The Hawks caught a break that got them back into the game in the second minute of the 2nd, when James Neal’s stick broke in the Preds’ zone during a 4-on-4. Neal dropped his stick, then went off on a wander into the slot. Hjalmarsson read the situation and pinched down into the right circle to snap a Teuvo Teravainen set up pass at 1:43 to get Chicago on the board. Toews assisted with some battle work behind Rinne’s net. Teravainen’s pass from aside the net was perfect and Rinne couldn’t move from right to left in time to stop just the 2nd playoff goal of Hjalmarsson’s career (95 games).
Chicago had pressure and a chance to trim the deficit to two goals at the 6:20 mark but a bouncing puck scramble in front of Rinne eluded Shaw, Sharp and Bickell.
Two minutes later Patrick Sharp struck the back of the net when the Hawks had a 5-on-3 man advantage. Toews set a pick in the low slot that allowed Kane a clear passing lane to find Sharp on the backdoor. Rinne jammed Sharp on the initial chance, but Sharp was able to get his stick loose on the rebound and tapped it by Rinne at 8:32 of the 2nd. It was the 39th playoff goal of Sharp’s career (107 gms) and Kane’s 55th assist (94gms). Kane would add another helper a few shifts later.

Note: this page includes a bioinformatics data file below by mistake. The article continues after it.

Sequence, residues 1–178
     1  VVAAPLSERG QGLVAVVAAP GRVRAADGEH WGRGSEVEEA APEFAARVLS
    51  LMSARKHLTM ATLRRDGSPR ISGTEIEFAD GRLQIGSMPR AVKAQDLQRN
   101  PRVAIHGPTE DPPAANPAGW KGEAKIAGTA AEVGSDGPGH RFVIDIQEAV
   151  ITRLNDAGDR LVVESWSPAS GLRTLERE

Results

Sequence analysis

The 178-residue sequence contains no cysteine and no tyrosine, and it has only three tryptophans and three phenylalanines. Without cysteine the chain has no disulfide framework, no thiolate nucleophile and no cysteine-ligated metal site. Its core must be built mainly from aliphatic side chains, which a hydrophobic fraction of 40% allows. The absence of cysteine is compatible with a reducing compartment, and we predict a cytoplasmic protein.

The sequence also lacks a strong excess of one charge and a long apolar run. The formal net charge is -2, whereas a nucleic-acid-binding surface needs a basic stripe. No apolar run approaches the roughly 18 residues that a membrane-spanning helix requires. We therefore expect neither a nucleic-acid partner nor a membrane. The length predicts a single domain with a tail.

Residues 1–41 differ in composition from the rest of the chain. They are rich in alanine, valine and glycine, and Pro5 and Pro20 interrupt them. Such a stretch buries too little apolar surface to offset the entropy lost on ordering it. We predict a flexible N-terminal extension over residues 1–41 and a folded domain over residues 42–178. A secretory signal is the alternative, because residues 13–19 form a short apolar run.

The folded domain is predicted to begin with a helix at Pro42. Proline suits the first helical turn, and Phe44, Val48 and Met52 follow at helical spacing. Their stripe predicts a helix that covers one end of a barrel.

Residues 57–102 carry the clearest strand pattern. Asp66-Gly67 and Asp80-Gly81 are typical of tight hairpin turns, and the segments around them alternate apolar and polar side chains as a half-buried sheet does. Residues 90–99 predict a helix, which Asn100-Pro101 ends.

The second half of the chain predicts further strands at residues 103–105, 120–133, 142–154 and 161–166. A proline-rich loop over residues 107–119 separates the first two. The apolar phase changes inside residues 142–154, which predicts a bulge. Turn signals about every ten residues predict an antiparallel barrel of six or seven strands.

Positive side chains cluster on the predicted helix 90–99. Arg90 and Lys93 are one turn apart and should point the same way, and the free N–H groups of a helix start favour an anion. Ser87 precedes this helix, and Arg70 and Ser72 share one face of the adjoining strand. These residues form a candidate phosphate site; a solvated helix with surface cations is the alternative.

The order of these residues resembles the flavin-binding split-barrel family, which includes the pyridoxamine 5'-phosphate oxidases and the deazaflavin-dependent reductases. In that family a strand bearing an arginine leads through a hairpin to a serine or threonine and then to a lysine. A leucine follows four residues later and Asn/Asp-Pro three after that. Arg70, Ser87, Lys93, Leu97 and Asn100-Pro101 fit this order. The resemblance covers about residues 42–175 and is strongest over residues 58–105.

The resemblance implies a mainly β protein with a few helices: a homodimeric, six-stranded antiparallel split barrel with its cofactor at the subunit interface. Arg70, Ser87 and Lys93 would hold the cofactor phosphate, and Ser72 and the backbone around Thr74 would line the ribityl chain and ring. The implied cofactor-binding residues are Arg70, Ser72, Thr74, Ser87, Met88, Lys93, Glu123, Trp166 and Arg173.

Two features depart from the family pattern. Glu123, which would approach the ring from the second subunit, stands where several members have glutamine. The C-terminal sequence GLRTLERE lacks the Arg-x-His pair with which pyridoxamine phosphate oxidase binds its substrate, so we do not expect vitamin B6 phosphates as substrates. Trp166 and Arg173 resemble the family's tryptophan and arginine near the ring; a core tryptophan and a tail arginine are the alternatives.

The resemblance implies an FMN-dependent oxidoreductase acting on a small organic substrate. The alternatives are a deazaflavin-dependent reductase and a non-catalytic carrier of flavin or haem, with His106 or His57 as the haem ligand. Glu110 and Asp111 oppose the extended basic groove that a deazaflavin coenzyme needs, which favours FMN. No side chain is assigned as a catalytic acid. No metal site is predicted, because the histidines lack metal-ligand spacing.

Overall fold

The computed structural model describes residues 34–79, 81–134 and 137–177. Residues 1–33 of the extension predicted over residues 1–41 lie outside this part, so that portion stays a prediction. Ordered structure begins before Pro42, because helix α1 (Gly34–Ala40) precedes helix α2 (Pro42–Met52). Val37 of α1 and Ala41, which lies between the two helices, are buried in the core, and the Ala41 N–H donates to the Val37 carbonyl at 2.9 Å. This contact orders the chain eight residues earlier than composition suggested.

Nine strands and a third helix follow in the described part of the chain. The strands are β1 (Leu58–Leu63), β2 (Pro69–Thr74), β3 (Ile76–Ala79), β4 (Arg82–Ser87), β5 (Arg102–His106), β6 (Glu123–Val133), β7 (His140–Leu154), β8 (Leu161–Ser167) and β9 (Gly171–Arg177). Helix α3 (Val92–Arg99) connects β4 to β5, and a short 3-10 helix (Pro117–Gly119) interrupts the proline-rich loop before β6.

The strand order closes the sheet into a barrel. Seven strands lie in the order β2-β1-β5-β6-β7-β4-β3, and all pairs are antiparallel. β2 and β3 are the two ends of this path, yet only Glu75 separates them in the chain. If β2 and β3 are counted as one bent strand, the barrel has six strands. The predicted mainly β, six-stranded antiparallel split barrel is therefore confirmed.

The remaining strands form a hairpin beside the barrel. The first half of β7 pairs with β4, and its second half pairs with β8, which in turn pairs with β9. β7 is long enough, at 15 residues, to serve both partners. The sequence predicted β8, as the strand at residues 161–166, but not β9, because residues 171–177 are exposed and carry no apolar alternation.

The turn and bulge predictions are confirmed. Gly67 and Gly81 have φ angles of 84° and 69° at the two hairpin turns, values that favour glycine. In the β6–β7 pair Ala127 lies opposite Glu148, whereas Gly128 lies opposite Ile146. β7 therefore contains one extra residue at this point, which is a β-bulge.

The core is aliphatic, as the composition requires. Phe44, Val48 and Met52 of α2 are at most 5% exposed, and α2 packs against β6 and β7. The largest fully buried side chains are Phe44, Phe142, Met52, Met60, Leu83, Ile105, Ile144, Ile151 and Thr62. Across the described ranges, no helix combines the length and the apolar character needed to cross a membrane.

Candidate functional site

That came at the 13:50 mark 17 seconds into a Blackhawks power play after Mattias Ekholm was sent to the box by referee Dan O’Halloran for yanking Kris Versteeg down along the boards in the Preds’ end.
The ensuing draw between Toews and Paul Gaustad was eventually won by the Hawks (on the official scoring it was awarded to Gaustad) but only with some heavy assistance from Andrew Shaw to gain control and get it back to the point. The puck was eventually worked around to Kane, who gave it to Toews at the side of the goal to Rinne’s left. Toews stuffed the puck under Rinne’s left skate to draw the game even again at 3-3 at 13:50 of the second period.